Here's the breakdown of what they were selling to us:
- Cost to buy into this vacation club = $14,990
- Annual fees = $389
- Cost for a weekly stay at one of their "units" = $189
- Based on their star system, our family, who would most likely be traveling during peak season and would need a two bedroom unit, would only be able to use two weeks a year.
- You could also book cruises and other vacation deals through them if you were a member.
- This is a lifetime membership which is transferable to all of your children.
We were told that we couldn't ask questions during the presentation, otherwise it would last for a long time. In reality, they didn't want questions because it could potentially raise doubt in the others that were there listening. I had a ton of questions. For example, they claimed that the annual fee of $389 could be waived if you weren't able to use the vacation club that year. Well, how exactly does that work? They showed a ton of pretty pictures of luxury hotel suites and tropical beaches but never once mentioned any hotel/resort names. In fact, only one name was mentioned and I had to ask him to repeat it because he had mumbled. They gave us an example of a vacation you could book through them. $999 per person (2 adults in total) to Honolulu, includes airfare and ocean front accommodations at a 5 star resort. I had just researched Honolulu hotels so when he mumbled the name, I asked him to repeat it. The Equus. Never heard of it.
They also tried to pull everyone in with Disney talk. "Do you know how expensive a vacation to Disney is? Do you know how much a one day park ticket costs now? Disney keeps raising their prices. It will now cost you over $100 a day for a park ticket. Now, we can't get you on Disney property but we can get you in a place five minutes down the road with a shuttle that leaves every 15 minutes. We can even get you hopper passes. How does that sound?" I did not tell them that I was essentially a Disney vacation planner and as such, this sounded too good to be true and everyone knows that if something sounds too good to be true, it probably is.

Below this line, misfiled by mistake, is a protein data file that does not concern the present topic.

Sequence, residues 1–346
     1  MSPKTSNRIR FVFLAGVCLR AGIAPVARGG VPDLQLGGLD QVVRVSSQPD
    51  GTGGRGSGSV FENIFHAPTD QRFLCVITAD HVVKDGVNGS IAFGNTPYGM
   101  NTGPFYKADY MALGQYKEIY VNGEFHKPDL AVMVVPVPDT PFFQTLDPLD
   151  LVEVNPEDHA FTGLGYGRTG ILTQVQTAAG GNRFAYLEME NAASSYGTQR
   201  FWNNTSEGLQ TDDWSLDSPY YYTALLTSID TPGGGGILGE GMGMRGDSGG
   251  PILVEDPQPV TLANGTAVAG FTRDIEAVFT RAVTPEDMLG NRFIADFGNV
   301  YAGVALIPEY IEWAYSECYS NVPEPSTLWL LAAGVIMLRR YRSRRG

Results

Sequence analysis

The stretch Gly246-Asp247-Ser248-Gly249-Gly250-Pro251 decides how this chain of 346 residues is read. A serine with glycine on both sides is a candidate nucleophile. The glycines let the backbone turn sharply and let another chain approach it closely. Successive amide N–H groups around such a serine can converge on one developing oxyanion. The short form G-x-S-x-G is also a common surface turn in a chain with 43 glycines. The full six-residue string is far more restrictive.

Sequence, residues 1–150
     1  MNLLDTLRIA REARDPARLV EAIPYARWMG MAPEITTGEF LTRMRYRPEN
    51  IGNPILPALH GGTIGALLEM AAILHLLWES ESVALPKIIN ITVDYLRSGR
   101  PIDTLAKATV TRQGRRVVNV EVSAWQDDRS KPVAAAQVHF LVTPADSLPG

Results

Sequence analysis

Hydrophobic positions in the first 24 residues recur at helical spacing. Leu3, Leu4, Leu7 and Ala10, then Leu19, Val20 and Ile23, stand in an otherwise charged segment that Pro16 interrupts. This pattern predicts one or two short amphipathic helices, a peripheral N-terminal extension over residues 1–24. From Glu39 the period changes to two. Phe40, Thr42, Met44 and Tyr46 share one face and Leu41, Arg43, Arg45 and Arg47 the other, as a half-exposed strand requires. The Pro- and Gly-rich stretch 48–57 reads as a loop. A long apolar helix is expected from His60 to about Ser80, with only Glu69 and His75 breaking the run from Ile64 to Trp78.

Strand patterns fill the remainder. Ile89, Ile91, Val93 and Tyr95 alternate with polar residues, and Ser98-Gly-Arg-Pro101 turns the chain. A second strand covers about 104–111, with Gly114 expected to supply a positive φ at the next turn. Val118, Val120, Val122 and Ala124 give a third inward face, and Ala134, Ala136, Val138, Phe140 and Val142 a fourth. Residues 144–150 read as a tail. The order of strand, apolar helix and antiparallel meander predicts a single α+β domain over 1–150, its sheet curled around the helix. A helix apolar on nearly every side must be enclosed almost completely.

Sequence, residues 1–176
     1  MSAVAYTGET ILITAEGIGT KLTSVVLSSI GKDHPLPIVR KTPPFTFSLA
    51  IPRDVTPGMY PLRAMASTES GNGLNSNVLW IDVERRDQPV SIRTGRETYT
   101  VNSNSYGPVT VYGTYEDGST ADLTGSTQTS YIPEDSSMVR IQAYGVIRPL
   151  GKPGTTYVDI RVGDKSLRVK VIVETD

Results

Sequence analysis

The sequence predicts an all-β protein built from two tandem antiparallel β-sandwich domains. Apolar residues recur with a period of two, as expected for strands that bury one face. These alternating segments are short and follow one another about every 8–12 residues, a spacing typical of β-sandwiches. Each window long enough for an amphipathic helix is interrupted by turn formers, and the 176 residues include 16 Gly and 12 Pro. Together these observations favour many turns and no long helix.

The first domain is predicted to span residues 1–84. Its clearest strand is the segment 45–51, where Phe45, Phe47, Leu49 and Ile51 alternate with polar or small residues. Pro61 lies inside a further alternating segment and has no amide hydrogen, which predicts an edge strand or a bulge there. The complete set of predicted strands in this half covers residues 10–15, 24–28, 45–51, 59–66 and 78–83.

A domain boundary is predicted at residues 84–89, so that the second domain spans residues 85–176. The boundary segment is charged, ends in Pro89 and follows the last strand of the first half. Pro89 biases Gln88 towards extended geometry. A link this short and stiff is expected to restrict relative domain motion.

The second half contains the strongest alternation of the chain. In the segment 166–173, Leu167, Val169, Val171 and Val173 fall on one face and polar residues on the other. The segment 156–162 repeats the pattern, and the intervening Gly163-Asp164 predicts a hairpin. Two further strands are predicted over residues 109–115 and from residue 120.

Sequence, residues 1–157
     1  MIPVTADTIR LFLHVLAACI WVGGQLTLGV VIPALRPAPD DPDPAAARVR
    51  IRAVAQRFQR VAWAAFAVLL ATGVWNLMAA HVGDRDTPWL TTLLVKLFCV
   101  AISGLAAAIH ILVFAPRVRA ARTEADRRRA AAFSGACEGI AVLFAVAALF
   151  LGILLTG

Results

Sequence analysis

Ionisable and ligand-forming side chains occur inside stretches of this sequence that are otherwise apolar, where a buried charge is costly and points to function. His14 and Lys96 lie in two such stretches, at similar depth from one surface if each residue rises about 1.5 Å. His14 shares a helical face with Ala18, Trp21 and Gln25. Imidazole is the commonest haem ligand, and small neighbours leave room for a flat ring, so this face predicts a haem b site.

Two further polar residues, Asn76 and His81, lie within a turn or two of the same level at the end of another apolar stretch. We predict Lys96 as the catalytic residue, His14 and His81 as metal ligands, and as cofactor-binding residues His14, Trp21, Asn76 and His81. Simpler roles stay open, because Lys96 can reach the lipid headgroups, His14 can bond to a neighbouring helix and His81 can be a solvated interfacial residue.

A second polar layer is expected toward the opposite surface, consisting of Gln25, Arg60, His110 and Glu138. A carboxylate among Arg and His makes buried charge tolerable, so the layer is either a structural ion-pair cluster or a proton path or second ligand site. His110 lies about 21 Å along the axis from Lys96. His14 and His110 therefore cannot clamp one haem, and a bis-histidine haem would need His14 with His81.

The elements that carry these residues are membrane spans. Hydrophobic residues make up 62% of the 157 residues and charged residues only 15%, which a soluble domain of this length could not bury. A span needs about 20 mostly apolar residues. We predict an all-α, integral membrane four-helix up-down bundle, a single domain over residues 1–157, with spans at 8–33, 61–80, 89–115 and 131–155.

Now it was time for the big push to sell this vacation club to us. We were being brought back out to the first room to meet with our rep but I needed to use the bathroom, as did a handful of others. What do you do when you're out and about these days and you want to find out more information? Yes, you pull out your smartphone. Some woman had tried to do that during the presentation and had been asked to please put it away immediately. So I figured I would do so in the bathroom. A key code was needed to access the bathroom and I ended up behind several woman. Our rep had followed me into the bathroom so I thought she needed to use it as well. Nope. She was simply escorting me. There were only three stalls and all three were occupied so while I stood there waiting, my rep was right there with me, which was a bit unsettling. Just leave me alone. Finally everyone cleared out so I went into the nearest stall. It was so weird. I'm in the stall peeing and she's waiting for me by the sinks. Finally, she told me she would be outside. Before I left the stall, I pulled out my phone, called up a search function and hurriedly typed in the name of this vacation club.